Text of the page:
I have been using lightweight zip-off pants from REI for the past 3 years of canoeing but every year it seems like i have to get a new pair because they rip so easily. This year i am going on a 3 and a half week canoe trip to the Hudson bay with my camp and i need a durable pair of pants. A lot of people at my camp use Carhartts. Are those too heavy or are they good? Any suggestion is much appreciated
BDU pants. They dry fairly quick and are very tough.
Rail Riders Weather Pant
I’ve got a couple pair. They wear like iron and dry wicked fast. Plus they look good too.
great pants for constuction work
carhartt double fronts.
The Harry Macfie
Canoe club has some wicked good canoeing pants.
Unfortunately they and the pants are from Sweden.Has anyone ever met them to ask about their pants? I forgot.
Here is their website..perhaps they mentined canoe wear though I have no idea as I cant read it
I cant find decent double bummed and double knee pants in the US or Canada anymore.
Dickies are about as good as anything.
I’m surprised the REIs rip so easily.
I have a pair where the waist snap failed (ahem!), but the fabric has not ripped. I’ve mostly switched to ex officio’s water pants, but I wouldn’t recommend them for a Canadian trip with lots of portaging.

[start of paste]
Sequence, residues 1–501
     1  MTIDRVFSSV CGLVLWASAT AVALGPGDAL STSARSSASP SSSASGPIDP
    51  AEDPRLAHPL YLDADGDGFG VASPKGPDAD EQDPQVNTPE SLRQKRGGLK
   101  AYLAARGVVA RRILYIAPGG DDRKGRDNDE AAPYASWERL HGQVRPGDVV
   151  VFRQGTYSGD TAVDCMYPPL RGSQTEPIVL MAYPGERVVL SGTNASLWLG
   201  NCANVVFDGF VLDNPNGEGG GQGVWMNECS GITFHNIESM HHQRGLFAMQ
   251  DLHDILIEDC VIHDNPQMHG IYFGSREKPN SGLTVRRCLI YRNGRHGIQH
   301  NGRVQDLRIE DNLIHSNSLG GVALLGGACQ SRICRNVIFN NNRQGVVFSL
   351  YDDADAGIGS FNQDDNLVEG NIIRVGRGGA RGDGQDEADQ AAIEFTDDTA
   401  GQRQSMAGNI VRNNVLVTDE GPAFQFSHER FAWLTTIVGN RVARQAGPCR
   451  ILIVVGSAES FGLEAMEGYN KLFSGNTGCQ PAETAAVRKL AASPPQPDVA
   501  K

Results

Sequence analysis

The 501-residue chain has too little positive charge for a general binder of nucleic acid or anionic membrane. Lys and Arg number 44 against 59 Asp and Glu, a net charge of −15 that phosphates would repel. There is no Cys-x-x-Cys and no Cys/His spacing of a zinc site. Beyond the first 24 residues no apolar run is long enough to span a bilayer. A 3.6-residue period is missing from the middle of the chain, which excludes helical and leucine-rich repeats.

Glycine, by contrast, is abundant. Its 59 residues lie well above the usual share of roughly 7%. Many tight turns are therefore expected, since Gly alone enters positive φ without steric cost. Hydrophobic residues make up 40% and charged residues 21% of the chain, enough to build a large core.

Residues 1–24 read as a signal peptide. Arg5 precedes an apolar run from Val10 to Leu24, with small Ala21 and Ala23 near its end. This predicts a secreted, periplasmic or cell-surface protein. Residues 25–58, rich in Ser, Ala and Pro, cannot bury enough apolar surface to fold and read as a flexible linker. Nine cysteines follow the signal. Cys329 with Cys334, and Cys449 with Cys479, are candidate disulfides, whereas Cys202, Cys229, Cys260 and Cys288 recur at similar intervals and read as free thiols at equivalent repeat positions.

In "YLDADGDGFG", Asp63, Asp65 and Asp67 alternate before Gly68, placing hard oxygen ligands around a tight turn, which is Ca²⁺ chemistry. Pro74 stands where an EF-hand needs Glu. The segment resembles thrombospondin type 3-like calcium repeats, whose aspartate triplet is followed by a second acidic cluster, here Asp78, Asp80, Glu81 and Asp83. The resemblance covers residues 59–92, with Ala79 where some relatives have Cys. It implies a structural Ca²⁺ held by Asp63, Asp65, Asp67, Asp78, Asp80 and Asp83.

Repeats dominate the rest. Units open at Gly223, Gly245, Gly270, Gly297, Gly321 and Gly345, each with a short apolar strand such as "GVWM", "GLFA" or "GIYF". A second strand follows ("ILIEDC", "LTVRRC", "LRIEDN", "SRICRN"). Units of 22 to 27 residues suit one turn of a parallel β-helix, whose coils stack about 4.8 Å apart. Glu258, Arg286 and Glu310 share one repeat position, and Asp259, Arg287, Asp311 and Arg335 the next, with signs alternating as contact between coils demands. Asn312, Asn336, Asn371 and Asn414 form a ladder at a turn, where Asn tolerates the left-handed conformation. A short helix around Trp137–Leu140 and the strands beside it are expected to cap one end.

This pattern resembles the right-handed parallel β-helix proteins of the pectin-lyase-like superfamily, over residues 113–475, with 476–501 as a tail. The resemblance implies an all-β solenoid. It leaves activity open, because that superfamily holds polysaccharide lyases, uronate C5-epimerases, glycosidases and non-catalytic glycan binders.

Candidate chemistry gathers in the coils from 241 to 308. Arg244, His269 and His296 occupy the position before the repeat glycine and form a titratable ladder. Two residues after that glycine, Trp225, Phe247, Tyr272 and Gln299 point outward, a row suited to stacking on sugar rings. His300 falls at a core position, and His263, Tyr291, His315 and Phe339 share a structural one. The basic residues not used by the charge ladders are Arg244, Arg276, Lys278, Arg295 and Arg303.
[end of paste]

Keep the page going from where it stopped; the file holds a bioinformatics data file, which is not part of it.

Whatever pants you get make sure they are not cotton. If cotton gets wet it can stay wet all day. Ex Officio, Columbia, Marmot and many others make quick drying, nylon hiking pants.
Dickies work pants
I use Dickies work pants for canoe tripping - have been using them for many years. They are poly/cotton blend and dry fast (I once tested a pair of jeans, a pair of light wool pants and a pair of dickies for drying time - the dickies dried slightly faster than the wool pants)and campfire sparks don’t burn holes in them like can happen with nylon pants.
they have a nice loose fit, and when new, are fairly mosquito proof, and are tough and quite durable - I use the pants for rock climbing also. I just get the straight leg 4 pocket pant, but you can get styles with cargo pockets if that’s what you want.
and they cost about $20, available at most K-mart or Wal-Mart stores, or online.
cotton is OK in blends
We use Dickies in the boreal forest and in the barrenlands.
Cotton is helpful to avoid overheating; evaporative cooling is a good thing. It gets hot up there.
Nylon for colder days of course.
Think thermoregulation. Getting heat exhaustion and heat stroke is just as dangerous as hypothermia.
We insist that people on northern work canoe trips involving portage clearing wear long sleeve cotton shirts.
Cotton weaves that never dry like denim and jersey are of course a no no. But a dense twill weave is fine.